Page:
One of the biggest variables to seeding rate optimization is planting date.

If wheat is planted in the optimum time frame of late October to early November in the southern end of North Carolina, and if you look at the same seeding rate chart and the planting date is late November, then the optimum seeding rate for either comfort or profit is significantly different, Weisz says.

“If you are planting later than what is deemed the ideal planting date, seeding rate has to go up,” the North Carolina State specialist says.  If you miss the optimum late October planting date by a month, the optimum seeding rate for top yields is going to be somewhere between 1.5 to more than 2 million seed per acre, he adds.

“Based on several years of looking at seeding rates and planting dates, it seems that every week late that wheat is planted, seeding rates should be increased by 5 percent per week.

“On a profit per acre base, being a month later than optimum planting will require about 1.5 million seed per acre, Weisz says. From a comfort standpoint, the optimum rate may be closer to 2 million seed per acre.”

While researchers deal in number of seed per acre, most growers calibrate planters and deal more frequently with pounds of seed per acre.

Simple conversion device

The North Carolina Grain Growers Association recently developed a simple calculator/slide rule that will make that conversion for the grower. “It’s a neat little tool that is easy to use to convert seed per acre to pounds of seed per acre,” Weisz says.

On side one of the tool a grower can convert seed per acre to pounds per acre.

On the other side of the calculator they can factor in where in North Carolina they are located, what is the ideal planting date and using that data to calculate the optimum pounds of seed per acre, he adds.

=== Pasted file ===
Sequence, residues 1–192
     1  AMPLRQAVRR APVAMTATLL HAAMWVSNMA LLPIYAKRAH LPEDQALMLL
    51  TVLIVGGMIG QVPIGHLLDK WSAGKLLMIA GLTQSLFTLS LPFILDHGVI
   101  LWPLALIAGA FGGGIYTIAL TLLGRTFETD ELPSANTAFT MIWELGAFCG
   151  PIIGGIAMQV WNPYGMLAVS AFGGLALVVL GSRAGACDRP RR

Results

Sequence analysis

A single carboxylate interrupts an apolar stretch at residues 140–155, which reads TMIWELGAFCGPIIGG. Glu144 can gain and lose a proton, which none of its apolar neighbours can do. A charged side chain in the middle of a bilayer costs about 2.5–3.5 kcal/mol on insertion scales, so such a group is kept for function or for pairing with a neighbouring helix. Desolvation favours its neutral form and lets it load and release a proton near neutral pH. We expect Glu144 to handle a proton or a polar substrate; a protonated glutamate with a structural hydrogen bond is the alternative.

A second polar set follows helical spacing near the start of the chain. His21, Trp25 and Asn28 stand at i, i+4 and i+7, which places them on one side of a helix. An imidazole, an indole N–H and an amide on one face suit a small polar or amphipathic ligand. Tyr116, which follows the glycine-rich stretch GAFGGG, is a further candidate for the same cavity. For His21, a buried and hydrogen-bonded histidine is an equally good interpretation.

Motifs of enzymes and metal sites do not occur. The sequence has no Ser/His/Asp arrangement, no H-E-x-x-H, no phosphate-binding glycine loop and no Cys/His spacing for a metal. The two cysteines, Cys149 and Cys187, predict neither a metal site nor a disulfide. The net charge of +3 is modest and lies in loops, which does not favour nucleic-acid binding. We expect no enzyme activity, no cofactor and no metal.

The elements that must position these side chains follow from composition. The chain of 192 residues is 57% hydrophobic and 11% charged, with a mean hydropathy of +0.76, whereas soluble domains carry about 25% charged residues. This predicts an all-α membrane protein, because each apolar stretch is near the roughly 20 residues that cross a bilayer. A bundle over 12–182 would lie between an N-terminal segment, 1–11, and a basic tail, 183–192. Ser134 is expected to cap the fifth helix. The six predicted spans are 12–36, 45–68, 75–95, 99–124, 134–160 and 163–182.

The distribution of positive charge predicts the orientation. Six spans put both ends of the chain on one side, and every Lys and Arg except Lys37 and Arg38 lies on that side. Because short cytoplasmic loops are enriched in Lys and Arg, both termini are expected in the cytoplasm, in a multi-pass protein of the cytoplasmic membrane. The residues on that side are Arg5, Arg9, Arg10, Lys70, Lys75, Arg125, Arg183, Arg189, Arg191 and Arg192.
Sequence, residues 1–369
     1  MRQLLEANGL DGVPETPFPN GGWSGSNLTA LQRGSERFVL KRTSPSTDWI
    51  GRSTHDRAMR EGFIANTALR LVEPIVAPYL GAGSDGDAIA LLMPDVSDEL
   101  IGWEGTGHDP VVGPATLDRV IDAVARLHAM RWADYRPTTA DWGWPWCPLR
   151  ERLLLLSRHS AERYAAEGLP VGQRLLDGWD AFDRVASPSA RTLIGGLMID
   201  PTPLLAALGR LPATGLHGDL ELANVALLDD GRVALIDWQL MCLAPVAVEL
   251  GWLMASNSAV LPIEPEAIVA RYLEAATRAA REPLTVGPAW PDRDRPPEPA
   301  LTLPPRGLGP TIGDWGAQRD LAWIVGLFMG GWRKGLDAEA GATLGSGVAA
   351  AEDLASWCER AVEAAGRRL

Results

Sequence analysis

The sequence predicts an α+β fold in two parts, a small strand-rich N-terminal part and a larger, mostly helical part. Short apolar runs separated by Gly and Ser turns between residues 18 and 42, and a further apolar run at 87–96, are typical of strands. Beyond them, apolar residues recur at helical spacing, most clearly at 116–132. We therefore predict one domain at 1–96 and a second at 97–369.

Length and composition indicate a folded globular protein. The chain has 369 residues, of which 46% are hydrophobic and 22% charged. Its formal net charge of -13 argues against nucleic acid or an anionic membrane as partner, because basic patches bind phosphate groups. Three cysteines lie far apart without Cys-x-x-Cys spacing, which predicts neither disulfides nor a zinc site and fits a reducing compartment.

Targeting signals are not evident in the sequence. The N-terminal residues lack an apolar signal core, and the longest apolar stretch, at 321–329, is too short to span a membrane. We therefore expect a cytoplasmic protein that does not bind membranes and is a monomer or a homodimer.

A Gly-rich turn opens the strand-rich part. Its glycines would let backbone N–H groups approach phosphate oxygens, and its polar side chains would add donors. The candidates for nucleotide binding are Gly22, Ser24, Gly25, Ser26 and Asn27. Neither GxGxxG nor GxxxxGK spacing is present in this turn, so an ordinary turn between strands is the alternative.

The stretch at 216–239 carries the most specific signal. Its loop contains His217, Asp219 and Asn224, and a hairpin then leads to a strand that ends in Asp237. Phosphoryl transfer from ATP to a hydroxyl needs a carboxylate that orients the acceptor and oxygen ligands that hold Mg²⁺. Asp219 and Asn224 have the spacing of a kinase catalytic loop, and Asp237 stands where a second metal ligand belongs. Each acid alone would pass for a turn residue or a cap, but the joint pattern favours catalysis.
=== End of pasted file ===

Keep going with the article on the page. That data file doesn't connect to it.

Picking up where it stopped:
For even more precise planting, the tool will also convert pounds of seed per acre to seed per drill row foot of row.

Weisz cautions growers to not depend on the seeding rate on the table on your grain drill because it is almost always wrong, and is often way off.

“We often do tests on grower farms and in the past have used their planting equipment.

“In one test we were trying to put out 100 pounds of seed per acre and used the information on the planter. In reality we were putting out 190 pounds per acre,” Weisz recalls.

“If you look at the fine print on the manual that comes with some of the grain drills, you will find that the manufacturing company bases the recommendations on a computer model. “They know the charts on the planters are just a rough estimate,” he adds.

Using the planting tool provided by the North Carolina Grain Growers Association, a grower can get the seeding rate right without spending a lot of time converting seeding rates from seed per acre to pound per acre to seed per foot of row.

Getting the seeding rate right, and getting it right based on planting date can both save and make a grower a lot of money.

rroberson@farmpress.com